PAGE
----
Hacking as easy as abc 123


22 Jan 2010

Share on FacebookTweet about this on TwitterShare on LinkedInShare on Google+Pin on PinterestShare on RedditEmail this to someone

Share on FacebookTweet about this on TwitterShare on LinkedInShare on Google+Pin on PinterestShare on RedditEmail this to someone

How careful are you when it comes to choosing passwords for your online accounts and services? A whitepaper from web security firm Imperva shows that most of us choose passwords that are not only too short, but far too easy to guess.

When Imperva analysed the 32 million passwords that were recently exposed as a result of the Rockyou.com breach, the findings were shocking: a large number of people didn’t make any effort to keep their account secure with the most common passwords being simple numeric sequences: ‘123456’, ‘12345’, and ‘123456789’.

Almost 776,000 users choose the above as passwords while a further 61,958 chose ‘Password’ as theirs!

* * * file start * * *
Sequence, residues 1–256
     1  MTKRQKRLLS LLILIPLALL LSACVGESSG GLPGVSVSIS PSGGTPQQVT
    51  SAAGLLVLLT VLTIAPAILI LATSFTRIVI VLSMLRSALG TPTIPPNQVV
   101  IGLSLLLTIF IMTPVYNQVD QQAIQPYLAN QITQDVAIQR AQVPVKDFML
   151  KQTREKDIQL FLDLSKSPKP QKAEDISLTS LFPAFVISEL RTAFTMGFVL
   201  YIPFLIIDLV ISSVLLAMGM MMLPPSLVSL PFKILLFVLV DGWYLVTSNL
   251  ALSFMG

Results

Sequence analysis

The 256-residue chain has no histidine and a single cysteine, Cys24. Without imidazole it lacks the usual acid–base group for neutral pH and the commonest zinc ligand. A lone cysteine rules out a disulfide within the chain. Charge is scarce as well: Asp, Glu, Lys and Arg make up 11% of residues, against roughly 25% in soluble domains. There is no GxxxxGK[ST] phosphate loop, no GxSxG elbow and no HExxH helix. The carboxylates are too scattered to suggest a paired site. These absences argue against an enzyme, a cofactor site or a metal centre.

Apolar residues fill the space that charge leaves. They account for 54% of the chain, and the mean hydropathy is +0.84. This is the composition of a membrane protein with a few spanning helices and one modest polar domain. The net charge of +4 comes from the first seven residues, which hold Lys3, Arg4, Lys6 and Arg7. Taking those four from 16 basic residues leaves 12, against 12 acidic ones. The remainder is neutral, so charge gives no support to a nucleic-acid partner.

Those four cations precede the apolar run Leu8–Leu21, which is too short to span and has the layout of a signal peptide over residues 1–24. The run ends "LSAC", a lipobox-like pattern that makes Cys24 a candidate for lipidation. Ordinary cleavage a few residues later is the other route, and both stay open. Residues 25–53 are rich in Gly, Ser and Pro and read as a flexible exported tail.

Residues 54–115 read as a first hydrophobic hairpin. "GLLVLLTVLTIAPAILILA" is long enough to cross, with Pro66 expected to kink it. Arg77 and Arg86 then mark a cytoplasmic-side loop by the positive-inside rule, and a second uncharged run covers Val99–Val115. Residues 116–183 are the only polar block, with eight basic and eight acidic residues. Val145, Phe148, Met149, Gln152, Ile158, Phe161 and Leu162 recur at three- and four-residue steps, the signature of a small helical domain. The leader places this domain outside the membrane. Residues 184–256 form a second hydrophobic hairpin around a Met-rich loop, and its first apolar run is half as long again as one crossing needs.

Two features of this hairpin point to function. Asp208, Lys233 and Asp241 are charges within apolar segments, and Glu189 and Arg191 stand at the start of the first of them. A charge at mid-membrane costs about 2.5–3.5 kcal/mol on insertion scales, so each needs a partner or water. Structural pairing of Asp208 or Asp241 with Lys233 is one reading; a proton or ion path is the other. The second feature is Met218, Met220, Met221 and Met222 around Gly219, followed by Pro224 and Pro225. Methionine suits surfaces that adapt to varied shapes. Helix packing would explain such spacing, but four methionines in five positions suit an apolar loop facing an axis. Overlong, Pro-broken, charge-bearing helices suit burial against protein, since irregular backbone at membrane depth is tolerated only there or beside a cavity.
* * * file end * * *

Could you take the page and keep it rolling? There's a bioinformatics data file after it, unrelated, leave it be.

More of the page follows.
Common passwords

Other common passwords included ‘iloveyou’, ‘princess’, ‘rockyou’, and abc123. In other words, almost 20pc of the userbase used names, slang, dictionary words or simple sequences of numbers or letters, leaving them open to easy hacking.

In fact, Imperva found that if a hacker had used the list of the Top 5,000 passwords as a dictionary for a brute force attack on Rockyou.com users, it would have taken only one attempt (per account) to guess 0.9pc of the users’ passwords – a rate of one success per 111 attempts.

The problem with this is that another study has found that almost 50pc of web surfers use the same or a similar password for all of their internet accounts, so a vulnerability like this could open them up to identity theft.

Imperva said that the combination of poor passwords and automated attacks means that in just 110 attempts, a hacker will on average gain access to one new account per second, taking only 17 minutes to break into 1,000 accounts.

Advice on setting passwords include choosing one that is at least eight characters long and having an alphanumeric mix, making it more difficult to crack.

By Marie Boran

Photo: Nearly half of web users use the same or similar password for all their online accounts, one study has found

66

DAYS

4

HOURS

26

MINUTES

Get your early bird tickets now!